Hamilton Sundstrand   —Hamilton Sundstrand aerospace products and aftermarket services, including power generation, management and distribution systems, flight, engine, fire protection and detection and environmental control systems, auxiliary power units and propeller systems, and industrial products, including air compressors, metering pumps and fluid handling equipment.
Sikorsky   —Sikorsky commercial and military helicopters, aftermarket helicopter and aircraft parts and service.

 

1


Table of Contents

Segment financial data for the years 2003 through 2005, including financial information about foreign and domestic operations and export sales, appears in Note 16 of “Notes to Consolidated Financial Statements” in our 2005 Annual Report.

 

Otis

 

Otis is the world’s largest elevator and escalator manufacturing, installation and service company. Otis designs, manufactures, sells and installs a wide range of passenger and freight elevators for low-, medium- and high-speed applications, as well as a broad line of escalators and moving walkways. In addition to new equipment, Otis provides modernization products to upgrade elevators and escalators as well as maintenance services for both its products and those of other manufacturers. Otis serves an international customer base, principally in the commercial and residential property industries.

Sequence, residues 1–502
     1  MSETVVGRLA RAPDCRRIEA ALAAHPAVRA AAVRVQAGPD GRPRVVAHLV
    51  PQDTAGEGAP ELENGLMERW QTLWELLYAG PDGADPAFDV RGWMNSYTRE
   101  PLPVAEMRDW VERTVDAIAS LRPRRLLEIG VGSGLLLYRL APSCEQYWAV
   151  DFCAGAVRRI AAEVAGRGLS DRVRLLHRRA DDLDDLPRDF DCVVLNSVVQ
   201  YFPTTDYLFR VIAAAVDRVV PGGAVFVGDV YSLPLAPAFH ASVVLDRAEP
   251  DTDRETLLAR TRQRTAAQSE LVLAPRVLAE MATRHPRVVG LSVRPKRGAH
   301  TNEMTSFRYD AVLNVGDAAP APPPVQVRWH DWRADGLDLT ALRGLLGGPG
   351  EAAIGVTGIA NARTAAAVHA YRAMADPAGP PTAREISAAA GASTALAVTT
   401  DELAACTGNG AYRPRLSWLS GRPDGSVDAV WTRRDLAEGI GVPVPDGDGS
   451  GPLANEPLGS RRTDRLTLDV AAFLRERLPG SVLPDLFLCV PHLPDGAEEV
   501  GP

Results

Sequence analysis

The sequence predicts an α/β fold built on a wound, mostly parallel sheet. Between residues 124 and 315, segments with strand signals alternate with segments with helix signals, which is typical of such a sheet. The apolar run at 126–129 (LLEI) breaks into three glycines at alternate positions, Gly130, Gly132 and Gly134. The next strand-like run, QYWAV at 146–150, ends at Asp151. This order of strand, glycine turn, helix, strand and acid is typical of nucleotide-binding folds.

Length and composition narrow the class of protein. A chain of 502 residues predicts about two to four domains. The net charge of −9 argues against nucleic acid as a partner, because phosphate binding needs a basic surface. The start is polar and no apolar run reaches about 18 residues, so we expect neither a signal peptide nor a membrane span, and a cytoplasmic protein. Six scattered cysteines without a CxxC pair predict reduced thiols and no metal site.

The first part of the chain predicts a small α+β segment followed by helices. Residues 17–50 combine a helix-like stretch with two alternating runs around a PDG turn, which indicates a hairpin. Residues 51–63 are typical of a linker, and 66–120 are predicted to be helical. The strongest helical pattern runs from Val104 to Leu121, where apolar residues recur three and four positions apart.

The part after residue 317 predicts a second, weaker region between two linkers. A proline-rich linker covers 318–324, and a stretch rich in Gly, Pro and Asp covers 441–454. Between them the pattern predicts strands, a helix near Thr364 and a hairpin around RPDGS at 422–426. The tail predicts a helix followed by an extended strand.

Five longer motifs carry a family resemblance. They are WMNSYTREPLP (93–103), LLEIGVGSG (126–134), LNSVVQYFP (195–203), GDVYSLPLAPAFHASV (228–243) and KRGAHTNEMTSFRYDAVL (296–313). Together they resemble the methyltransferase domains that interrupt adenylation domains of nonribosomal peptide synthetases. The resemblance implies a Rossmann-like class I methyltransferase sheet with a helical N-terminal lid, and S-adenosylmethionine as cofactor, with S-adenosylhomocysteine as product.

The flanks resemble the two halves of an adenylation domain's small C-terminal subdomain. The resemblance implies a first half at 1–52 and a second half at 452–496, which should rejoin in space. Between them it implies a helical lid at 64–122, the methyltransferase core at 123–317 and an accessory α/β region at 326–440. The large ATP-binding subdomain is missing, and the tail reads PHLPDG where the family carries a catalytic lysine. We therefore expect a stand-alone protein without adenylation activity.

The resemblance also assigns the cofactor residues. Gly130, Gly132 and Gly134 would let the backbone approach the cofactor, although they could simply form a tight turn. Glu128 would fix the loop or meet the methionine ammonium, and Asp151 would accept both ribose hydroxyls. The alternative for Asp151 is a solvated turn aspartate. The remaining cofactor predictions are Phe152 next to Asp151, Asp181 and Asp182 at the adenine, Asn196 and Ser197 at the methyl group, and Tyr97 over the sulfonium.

Revenues generated by Otis’ international operations were 80 percent and 79 percent of total Otis segment revenues in 2005 and 2004, respectively. At December 31, 2005, Otis’ business backlog was $5,807 million as compared to $5,611 million at December 31, 2004. Substantially all the business backlog at December 31, 2005 is expected to be realized as sales in 2006.